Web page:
Members of an ad hoc committee of East Hampton residents opposed to the East Hampton School Board’s proposal to construct a bus maintenance and refueling depot on Cedar Street were heartened this week by the board’s strong interest in an alternative site.
At its meeting on Tuesday, Richard Burns, the district superintendent, said that the board has been in contact with East Hampton Town Supervisor Larry Cantwell about a potential purchase of the long-disused scavenger waste facility on Springs-Fireplace Road, an option it began exploring seriously after loud objections arose to the Cedar Street plan. The scavenger waste location — which had for a few years been used only for the transfer of septic waste, before being closed for good in 2014 — would have an added convenience: There is a refueling facility, owned by the town and East Hampton Village, nearby on Springs-Fireplace Road.
A new depot is needed because the property on which the district currently stores and maintains its buses, at 41 Route 114, was recently sold by its owners, who had operated the Schaefer bus company. The district negotiated a new five-year lease for the property, but that is, “a stop-gap measure while planning for a long-term solution,” according to a fact sheet distributed by the board in November. When the present lease ends, in October, the annual rent for that site will rise from $106,000 to $200,000, with 3-percent annual increases to follow.
The proposed Cedar Street location, behind the playing fields on the East Hampton High School campus, has angered residents of Cedar Street and neighboring streets, such as Pine Street, who fear increased traffic, noise, and emissions from the buses. They formed a committee to oppose the plan, and many of its members were in attendance on Tuesday.
Consideration of the former scavenger waste facility as an alternative bus depot location, however, has similarly annoyed some residents of that area, some of whom have said, in letters to The Star, that their corner of town is already over-burdened with industrial activity and traffic, particularly trucks and other heavy vehicles.
“We have to pursue an appraisal” of the former sewage treatment site’s value, Mr. Burns said on Tuesday. In 2014, an engineering firm hired to assess its worth said it was not just of little value to the town — as a decommissioned waste treatment site serving only as a transfer station — it was, indeed, a financial “black hole.” It has since been cleared and okayed for sale for other purposes.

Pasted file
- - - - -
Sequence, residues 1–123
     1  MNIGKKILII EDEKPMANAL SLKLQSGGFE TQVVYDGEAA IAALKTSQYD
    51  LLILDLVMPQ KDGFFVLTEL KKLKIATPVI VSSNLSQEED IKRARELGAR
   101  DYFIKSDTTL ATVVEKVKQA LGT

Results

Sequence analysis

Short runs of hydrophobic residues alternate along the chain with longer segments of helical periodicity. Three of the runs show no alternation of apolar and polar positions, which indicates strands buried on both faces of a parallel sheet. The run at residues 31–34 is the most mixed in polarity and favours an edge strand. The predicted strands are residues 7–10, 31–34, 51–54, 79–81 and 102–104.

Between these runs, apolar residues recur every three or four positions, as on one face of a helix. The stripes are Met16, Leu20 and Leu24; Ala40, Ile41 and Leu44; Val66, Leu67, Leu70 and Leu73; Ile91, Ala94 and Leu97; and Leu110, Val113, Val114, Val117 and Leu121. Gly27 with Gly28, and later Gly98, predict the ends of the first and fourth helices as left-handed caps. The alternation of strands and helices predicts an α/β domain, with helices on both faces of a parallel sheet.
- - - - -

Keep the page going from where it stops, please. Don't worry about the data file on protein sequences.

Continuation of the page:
Receipt of a report assessing the potential impact of a bus depot under the State Environmental Quality Review Act is imminent, Mr. Burns said. “Obviously, if we’re going to make an offer to the town, we need that type of information,” he said.
Whichever site is chosen for the new bus depot, it will have to be suitable for vocational-classroom use, as well, Mr. Burns said. “There is stuff under the ground,” he said of the Springs-Fireplace location. “We have to be very careful about that property and we want to make sure it’s safe, because we certainly plan on building classroom space there if this is a proposal that we make to the community.” Those classrooms, he said, would be used for vocational programs for which students must currently travel to the Boards of Cooperative Educational Services facility in Riverhead.
The commute to BOCES, Mr. Burns said, robs students of instructional time. “Kids are cheated out of two to three periods a day. If we have something more localized, it would be fine.”
“Everybody needs to know that we have to put it somewhere,” said J.P. Foster, the school board president, of the proposed depot-and-classrooms facility. “This is going to go up as a referendum at some point. If it’s passed, it’s over; if not, we’re going to have to seek an alternative location,” possibly revisiting Cedar Street, he said. “We’re exploring every option we can.”
Initial hopes to hold a referendum on the topic in May are unrealistic, Mr. Burns and Mr. Foster agreed. “I can’t imagine anything happening before October,” the superintendent said.
In light of the direction taken during the discussion, members of the so-called Cedar Street Committee did not read a prepared statement. Instead, Vito Brullo, who lives on Pine Street, said, “Based on what we heard . . . we appreciate the fact that other [sites] are being considered.” The committee would discuss the matter and “have more to say” at the board’s next meeting. “Thank you very much for your help and your consideration.”